Alas poor blog, much neglected by me (last post over a year ago!) – as part of a new resolve to get things going again here is the title and abstract for the talk I’m planning for my Sheffield University Postgrad Seminar on Wednesday 25th
Plural Subjectivity –vs– Individual Autonomy
We describe, and experience, our social lives as involving collective acts – reflected in sentences such as “we bought a sofa”, “we conquered Everest”, “we invaded Iraq”. While we might attempt to give reductive individualist accounts of this phenomenon, Margaret Gilbert presents a compelling argument that such reductions fail to capture the essentially collective nature of our experience of these social acts. Further, she attempts to produce an account of this that a) captures the necessary plurality but b) avoids positing any disturbing/mysterious collective entity that exists beyond the individuals. She calls her account Plural Subject Theory (PST).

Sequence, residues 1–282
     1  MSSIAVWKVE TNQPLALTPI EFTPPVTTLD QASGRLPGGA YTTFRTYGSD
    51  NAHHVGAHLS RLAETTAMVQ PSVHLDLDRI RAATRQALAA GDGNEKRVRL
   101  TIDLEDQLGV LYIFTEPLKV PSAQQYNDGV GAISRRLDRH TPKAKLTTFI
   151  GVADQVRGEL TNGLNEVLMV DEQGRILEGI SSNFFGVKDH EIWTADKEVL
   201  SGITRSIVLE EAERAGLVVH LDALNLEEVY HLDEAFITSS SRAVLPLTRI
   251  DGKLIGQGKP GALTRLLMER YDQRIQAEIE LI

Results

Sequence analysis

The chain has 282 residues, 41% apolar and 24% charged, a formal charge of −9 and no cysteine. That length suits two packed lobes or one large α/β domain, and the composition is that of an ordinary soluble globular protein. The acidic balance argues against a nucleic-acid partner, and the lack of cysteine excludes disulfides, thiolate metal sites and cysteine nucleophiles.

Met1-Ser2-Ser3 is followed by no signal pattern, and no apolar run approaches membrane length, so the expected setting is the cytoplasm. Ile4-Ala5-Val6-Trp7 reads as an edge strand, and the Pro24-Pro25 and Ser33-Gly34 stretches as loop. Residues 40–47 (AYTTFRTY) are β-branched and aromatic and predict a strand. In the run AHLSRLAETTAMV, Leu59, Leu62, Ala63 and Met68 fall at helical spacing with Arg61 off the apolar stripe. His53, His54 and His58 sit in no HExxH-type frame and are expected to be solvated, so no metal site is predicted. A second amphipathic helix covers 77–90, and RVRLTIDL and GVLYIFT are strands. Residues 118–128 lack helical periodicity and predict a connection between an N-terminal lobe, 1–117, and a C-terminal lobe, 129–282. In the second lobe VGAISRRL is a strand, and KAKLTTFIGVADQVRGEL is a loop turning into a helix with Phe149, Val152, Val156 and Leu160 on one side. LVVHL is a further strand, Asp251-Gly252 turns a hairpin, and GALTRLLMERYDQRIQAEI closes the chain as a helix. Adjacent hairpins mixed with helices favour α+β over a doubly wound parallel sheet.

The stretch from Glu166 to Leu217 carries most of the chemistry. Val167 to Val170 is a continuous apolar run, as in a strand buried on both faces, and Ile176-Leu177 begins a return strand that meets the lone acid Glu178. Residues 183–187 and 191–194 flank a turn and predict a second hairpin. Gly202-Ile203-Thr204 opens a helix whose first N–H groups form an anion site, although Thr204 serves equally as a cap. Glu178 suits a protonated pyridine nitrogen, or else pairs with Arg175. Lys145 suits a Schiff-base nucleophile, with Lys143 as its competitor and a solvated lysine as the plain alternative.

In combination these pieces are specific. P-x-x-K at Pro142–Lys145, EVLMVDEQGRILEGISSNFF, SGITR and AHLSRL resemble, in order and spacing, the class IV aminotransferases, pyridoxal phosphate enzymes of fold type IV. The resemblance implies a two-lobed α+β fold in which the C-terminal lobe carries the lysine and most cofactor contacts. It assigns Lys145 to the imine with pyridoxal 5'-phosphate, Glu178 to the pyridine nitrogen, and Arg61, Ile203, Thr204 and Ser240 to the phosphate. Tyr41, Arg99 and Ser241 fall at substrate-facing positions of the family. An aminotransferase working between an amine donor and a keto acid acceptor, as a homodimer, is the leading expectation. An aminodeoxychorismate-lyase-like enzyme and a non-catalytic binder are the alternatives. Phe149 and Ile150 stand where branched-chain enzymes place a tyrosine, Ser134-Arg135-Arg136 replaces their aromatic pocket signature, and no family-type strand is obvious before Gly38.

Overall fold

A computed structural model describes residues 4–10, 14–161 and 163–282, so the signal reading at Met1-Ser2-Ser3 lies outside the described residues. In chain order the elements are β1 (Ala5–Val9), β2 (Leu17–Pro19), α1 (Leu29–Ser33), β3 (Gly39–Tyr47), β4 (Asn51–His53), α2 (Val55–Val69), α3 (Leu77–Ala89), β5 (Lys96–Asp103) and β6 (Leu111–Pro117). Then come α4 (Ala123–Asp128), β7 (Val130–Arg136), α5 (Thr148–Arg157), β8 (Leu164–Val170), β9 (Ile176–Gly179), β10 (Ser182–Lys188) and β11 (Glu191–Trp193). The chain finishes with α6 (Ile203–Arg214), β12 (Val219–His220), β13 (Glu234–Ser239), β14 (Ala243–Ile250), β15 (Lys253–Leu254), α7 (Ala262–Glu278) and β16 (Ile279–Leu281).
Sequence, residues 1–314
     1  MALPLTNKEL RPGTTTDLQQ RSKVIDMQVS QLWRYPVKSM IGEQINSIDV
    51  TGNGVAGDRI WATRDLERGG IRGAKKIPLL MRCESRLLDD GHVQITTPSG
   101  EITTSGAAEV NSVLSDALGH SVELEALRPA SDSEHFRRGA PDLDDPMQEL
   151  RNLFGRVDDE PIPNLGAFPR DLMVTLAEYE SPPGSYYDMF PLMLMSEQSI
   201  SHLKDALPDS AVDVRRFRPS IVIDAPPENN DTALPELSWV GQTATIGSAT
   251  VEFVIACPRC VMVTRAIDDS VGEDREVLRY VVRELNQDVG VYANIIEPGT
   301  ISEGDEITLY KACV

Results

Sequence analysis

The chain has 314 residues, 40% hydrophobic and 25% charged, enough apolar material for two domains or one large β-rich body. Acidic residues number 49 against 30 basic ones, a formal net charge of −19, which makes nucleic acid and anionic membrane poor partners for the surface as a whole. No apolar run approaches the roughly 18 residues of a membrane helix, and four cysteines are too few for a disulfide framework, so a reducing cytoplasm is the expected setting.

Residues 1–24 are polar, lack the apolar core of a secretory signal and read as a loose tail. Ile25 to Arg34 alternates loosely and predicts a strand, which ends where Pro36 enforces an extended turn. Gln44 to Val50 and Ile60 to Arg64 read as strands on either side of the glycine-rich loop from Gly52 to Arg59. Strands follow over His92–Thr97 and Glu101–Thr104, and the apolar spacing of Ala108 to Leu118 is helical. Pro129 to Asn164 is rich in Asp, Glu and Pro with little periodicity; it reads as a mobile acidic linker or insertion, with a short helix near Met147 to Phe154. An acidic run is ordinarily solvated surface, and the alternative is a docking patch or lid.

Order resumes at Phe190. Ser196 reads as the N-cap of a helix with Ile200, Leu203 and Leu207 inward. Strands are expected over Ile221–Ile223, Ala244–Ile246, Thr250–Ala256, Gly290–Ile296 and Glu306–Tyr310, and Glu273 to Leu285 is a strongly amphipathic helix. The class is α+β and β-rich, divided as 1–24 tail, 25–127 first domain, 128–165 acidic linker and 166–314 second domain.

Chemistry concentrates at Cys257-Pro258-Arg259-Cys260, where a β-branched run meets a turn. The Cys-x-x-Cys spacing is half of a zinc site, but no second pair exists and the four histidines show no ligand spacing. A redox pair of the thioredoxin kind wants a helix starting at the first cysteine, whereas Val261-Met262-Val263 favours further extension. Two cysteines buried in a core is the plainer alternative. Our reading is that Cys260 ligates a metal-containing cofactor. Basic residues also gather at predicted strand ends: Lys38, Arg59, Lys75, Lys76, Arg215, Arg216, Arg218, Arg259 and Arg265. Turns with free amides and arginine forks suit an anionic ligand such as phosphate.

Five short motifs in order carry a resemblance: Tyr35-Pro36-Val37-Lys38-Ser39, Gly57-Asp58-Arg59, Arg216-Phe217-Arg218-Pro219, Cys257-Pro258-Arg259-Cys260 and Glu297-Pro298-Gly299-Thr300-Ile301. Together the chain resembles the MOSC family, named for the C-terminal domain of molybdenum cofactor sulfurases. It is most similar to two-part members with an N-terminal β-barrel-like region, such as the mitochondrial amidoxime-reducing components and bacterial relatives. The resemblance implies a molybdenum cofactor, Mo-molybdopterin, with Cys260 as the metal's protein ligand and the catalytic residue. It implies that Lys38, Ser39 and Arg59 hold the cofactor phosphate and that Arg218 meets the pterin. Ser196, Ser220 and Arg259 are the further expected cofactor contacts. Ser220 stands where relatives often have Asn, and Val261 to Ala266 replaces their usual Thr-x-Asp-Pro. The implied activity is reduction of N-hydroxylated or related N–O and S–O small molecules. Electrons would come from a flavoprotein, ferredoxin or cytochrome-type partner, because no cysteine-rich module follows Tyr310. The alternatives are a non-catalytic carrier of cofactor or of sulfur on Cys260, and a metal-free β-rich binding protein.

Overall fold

In this talk, I’m going to assume that Gilbert’s claims about our experience of collective acts are at least in the right ball park (i.e. that we do indeed experience collective acts as being essentially collective) but highlight another aspect of our experience that might be thought to be in conflict (perhaps even contradiction) with this: our experience of our agency as being (at least minimally) essentially autonomous. Hopefully, as well as clarifying what I take to be our experiences of plurality subjectivity and individual autonomy and the relationship between them – I will explain why (what appears to me to be) Gilbert’s response, I call it ‘biting the bullet‘, fails and sketch out the direction I think we need to take in modifying PST to find a satisfying synthesis of these experiences: namely replacing Gilbert’s idea – that we form plural subjects through (at root) voluntary ‘pooling of our wills‘ – with that of our identities as agents (and hence our wills) becoming entangled through the process of social life.